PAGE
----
A grisaille is a painting which has been executed in monochrome (i.e. one colour) or in a very limited range of colour, but in which the forms are defined by variations of tone.

In Mantegna's 'Samson and Delilah' a grey grisaille is set against a fictive marble backdrop to give the illusion of a sculpture. By contrast, in Rembrandt's 'Ecce Homo', brown predominates; as this painting is a preparation for an etching, tonal variation is of primary importance. Boilly's painting of 'A Girl at a Window' wittily pretends to be a black and white print. (All in the collection of the National Gallery, London).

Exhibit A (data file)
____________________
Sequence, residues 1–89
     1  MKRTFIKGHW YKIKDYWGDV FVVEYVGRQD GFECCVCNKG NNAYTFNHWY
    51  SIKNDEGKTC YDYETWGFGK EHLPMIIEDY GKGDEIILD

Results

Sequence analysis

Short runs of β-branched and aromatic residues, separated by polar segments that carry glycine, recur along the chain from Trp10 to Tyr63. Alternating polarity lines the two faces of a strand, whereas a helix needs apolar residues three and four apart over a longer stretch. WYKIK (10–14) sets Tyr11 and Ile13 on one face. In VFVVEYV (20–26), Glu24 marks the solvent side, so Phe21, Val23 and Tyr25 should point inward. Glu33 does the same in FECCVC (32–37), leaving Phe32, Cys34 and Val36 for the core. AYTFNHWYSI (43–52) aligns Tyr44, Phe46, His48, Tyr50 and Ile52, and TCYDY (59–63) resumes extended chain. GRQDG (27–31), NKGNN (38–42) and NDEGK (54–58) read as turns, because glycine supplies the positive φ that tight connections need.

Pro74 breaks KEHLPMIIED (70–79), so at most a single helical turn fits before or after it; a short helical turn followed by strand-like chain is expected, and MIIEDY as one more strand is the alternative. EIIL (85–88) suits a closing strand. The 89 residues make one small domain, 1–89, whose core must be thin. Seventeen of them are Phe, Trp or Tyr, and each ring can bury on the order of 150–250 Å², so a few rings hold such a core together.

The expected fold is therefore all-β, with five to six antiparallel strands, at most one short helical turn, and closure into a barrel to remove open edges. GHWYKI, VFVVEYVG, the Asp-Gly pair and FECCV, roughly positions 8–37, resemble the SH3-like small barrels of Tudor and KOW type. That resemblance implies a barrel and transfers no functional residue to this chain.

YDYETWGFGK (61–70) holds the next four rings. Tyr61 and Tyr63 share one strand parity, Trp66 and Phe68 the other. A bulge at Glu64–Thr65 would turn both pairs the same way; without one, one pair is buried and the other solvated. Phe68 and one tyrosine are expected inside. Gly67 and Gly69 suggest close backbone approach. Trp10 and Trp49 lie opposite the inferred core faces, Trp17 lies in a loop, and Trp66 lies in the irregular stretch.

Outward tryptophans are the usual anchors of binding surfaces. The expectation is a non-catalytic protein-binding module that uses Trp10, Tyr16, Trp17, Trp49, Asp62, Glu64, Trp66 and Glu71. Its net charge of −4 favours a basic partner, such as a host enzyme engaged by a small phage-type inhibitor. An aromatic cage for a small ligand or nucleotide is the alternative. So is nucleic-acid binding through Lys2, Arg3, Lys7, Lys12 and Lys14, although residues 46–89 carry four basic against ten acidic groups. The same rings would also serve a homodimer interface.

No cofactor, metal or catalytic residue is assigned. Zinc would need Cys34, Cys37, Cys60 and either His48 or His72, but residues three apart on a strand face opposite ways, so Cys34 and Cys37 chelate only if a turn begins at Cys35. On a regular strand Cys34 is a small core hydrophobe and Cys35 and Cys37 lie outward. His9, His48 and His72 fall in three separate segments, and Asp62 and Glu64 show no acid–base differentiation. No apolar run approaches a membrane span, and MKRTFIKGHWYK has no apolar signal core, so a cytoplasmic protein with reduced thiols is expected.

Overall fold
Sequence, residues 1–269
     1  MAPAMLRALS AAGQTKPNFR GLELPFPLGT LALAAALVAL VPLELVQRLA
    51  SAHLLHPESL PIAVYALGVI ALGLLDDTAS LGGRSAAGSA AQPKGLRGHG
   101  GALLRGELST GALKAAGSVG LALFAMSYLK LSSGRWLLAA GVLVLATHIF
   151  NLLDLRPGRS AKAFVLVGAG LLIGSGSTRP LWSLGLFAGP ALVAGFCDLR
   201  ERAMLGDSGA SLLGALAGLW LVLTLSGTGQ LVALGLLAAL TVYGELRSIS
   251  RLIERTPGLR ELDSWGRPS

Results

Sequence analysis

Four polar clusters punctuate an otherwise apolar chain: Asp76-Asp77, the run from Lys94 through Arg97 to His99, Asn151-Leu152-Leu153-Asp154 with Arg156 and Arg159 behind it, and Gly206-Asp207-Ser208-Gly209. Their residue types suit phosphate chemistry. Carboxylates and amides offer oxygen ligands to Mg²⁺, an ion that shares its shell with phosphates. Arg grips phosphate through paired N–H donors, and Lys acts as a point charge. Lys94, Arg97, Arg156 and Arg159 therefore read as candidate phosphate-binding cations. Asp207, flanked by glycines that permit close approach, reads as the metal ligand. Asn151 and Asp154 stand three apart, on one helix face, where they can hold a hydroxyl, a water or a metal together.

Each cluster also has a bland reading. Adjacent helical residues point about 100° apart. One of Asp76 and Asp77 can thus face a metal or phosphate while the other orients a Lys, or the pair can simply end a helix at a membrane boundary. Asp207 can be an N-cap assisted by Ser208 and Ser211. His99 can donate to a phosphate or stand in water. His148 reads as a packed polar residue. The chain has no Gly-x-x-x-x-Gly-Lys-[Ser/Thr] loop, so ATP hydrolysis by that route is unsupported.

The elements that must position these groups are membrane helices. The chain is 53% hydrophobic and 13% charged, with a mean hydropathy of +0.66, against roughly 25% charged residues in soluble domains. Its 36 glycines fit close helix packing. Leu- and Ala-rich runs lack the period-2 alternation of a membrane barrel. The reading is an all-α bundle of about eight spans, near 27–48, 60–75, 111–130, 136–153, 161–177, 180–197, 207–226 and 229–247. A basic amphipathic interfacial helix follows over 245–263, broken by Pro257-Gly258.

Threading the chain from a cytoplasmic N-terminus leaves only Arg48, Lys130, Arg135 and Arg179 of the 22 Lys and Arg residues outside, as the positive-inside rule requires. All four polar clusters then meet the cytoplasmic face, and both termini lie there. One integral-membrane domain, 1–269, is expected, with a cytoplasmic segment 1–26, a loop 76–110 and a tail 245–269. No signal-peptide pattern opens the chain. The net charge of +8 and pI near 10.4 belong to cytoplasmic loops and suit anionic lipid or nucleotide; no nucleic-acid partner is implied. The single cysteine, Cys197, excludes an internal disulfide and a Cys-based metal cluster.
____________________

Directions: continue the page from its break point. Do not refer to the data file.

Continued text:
Grisaille painting was particularly popular for the outsides of the shutters of polyptychs in Northern Europe in the 15th and 16th centuries.

See entry for Monochrome.

Source: National Gallery (London)
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